as the restrictive setting takes a toll on offenders' wellbeing.
Social and professional consequences
After time is served, the impact of a white-collar conviction can still
linger. A convicted person may experience difficulty maintaining or retaining
The problem is that white-collar crimes are offenses that typically involve
dishonesty and deceit. As a result, many employers are hesitant to employ
an individual that has been found guilty of a crime of dishonesty. The
conviction, in itself, suggests that the person is disloyal and untrustworthy.
Specifically, it could be difficult to secure a job involving business
records or money.
Furthermore, if the convicted defendant is a non-citizen, he or she may
have to deal with removal and other immigration-related consequences.
In fact, even if a person is a lawful and permanent resident that is living
and employed in the United States on a valid work visa, a white-collar
crime conviction could mean removal from the country. Additionally, a
criminal sanction could affect one's overall ability to become a citizen.
Ultimately, white-collar crimes carry serious challenges - in New York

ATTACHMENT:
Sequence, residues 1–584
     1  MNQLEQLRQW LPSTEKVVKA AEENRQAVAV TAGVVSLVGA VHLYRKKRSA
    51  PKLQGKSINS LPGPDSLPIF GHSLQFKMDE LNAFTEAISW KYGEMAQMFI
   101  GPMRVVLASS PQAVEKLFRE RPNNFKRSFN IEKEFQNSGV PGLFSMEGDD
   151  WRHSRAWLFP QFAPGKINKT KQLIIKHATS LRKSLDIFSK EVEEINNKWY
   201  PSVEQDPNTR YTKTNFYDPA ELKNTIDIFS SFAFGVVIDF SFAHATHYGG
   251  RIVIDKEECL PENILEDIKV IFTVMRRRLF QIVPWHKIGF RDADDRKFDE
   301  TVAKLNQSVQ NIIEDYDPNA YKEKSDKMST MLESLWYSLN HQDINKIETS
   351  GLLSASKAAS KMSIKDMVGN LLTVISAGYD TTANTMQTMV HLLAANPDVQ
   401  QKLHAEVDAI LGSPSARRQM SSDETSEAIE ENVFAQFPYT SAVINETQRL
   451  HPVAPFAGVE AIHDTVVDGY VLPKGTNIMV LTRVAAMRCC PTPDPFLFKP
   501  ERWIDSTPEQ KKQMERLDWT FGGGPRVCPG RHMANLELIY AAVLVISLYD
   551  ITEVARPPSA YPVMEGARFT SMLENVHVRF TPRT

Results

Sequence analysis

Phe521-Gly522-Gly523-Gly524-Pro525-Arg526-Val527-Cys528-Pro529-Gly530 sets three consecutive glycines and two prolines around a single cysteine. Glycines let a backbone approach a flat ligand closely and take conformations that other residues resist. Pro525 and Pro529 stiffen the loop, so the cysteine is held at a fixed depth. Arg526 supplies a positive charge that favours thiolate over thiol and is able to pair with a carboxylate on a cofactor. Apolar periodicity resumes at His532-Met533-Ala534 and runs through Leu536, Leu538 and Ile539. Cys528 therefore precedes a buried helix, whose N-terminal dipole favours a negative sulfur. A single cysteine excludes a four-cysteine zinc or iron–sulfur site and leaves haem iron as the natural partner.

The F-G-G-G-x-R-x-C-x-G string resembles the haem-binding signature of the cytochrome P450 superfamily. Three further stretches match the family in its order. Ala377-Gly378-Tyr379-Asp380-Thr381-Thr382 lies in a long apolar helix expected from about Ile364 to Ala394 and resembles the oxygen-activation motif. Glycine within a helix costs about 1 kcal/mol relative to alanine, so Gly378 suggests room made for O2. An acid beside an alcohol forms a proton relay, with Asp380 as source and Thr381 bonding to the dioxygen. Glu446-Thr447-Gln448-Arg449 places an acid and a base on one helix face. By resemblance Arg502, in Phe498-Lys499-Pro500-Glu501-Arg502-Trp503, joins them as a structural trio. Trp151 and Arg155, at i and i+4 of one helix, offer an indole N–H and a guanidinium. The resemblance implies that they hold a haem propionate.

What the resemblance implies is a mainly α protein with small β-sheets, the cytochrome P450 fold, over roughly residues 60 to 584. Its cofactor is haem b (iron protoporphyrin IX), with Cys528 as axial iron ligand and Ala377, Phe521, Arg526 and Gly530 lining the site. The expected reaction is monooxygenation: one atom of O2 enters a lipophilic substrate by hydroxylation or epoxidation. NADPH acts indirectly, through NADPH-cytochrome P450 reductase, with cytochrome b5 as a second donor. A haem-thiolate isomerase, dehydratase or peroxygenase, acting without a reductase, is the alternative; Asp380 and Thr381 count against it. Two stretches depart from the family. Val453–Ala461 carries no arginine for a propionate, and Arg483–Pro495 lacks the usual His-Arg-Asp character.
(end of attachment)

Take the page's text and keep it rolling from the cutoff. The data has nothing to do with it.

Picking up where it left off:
and elsewhere. Those convicted of a crime will undoubtedly confront stigma
in the community and the professional environment. The ramifications of
a conviction can strip the most powerful person of basic human rights.
If you would like to learn more about federal and state white-collar crimes,
it is best to consult with a legal professional. As you face any charges
ahead, you will have to familiarize yourself with not only criminal, but
also civil and social matters. The good news is that a professional versed
in federal and state criminal defense laws can help you prepare your case,
and at worst, help alleviate potential consequences in the sentencing
portion of your criminal matter.
Do not let your matter consume the rest of your life. A person who practices
the law can help you assess your options. To learn more, speak with a
seasoned white-collar crime professional in the New York area.